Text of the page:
Friday, December 4, 2009
Santa is alive and well
I remembered hearing the sleigh bells from Santa's sleigh ring throughout the town when I just a small child. My friends could not convince me that there was not a Santa Clause for a couple of years after that. They made fun of me, they called me names, they cited supposed "proof" that he did not exist, but I was not to be swayed. I just knew that he had to be real.
Finally, one of the children that I played with, went to my sister and told her that there was no Santa. She went hope crying and I got in trouble for spoiling Christmas. It was not my fault, but I paid the price for it anyway. It was years later when I had my first child and I knew that I wanted her to have the chance to believe in magic and dreams. How do you resolve your strong desires with what you also know is right? Finally, I decided that I would tell my children that Santa is the spirit of Christmas and he lives in the hearts of all men. If they wanted to believe the Spirit of Christmas wore a red suit and said, "Ho, ho, ho". That was fine with me.
We also used to "play santa" where we would do something special for someone else and take it to their home and ring the bell or knock on the door and run. The kids loved that game. I was always a nervous wreck that we would be caught. One Christmas, we parked the car all the way at the end of the block to take goodies to one of the many families that we knew. The boys ran to the door and just as they rang the bell the door opened. They ran so fast! We were all sure we had been caught, but we made it. Playing Santa, or doing the twelve days of Christmas for a family were always so much fun! I found this story today and it brought back so many memories that I wanted to share it with you. I hope it brings back many memories for you also.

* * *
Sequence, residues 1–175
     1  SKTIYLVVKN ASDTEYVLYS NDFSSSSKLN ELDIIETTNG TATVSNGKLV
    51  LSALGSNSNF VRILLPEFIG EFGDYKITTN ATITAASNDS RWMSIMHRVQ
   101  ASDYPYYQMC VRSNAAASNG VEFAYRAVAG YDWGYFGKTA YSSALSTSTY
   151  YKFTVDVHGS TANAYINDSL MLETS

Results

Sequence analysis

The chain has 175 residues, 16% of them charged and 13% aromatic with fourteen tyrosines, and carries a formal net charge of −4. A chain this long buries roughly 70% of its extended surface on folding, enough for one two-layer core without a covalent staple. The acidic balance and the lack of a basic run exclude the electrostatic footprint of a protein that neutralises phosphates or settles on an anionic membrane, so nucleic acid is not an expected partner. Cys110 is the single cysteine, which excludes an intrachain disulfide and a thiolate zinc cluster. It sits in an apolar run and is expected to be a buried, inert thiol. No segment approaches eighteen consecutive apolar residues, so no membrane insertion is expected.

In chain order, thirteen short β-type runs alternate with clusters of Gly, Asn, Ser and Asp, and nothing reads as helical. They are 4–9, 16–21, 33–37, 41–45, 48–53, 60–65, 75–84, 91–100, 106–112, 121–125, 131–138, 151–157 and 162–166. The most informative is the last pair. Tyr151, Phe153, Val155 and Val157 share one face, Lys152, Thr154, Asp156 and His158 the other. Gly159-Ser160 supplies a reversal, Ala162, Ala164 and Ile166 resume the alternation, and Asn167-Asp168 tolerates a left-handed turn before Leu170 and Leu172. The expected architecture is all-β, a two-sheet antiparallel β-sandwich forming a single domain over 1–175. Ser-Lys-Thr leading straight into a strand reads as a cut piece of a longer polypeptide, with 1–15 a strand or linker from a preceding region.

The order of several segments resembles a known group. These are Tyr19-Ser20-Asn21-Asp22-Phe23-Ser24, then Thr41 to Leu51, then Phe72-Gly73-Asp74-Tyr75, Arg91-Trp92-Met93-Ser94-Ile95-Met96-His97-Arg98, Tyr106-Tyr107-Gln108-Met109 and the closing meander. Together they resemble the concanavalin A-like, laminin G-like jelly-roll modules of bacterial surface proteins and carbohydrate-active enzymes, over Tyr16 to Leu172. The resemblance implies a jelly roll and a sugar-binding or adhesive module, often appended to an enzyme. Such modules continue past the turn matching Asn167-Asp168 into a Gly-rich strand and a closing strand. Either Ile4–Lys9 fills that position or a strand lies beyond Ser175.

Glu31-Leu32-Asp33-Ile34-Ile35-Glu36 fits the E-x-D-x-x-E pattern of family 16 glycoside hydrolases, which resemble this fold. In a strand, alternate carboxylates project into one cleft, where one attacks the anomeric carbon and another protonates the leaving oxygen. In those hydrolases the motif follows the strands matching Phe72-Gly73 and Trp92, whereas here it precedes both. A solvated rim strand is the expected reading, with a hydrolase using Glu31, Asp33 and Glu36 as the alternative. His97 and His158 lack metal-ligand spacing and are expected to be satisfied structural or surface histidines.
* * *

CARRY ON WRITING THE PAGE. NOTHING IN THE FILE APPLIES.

SANTA IS ALIVE AND WELL
I remember my first Christmas party with Grandma. I was just a kid. I remember tearing across town on my bike to visit her on the day my big sister dropped the bomb: "There is no Santa Claus," she jeered. "Even dummies know that!"
My grandma was not the gushy kind, never had been. I fled to her that day because I knew she would be straight with me. I knew Grandma always told the truth, and I knew that the truth always went down a whole lot easier when swallowed with one of her world-famous cinnamon buns.
Grandma was home, and the buns were still warm. Between bites, I told her everything. She was ready for me. "No Santa Claus!" she snorted. "Ridiculous! Don't believe it. That rumor has been going around for years, and it makes me mad, plain mad. Now, put on your coat, and let's go."
"Go? Go where, Grandma?" I asked. I hadn't even finished my second cinnamon bun. "Where" turned out to be Kerby's General Store, the one store in town that had a little bit of just about everything.
As we walked through its doors, Grandma handed me ten dollars. That was a bundle in those days.
"Take this money," she said, "and buy something for someone who needs it. I'll wait for you in the car." Then she turned and walked out of Kerby's.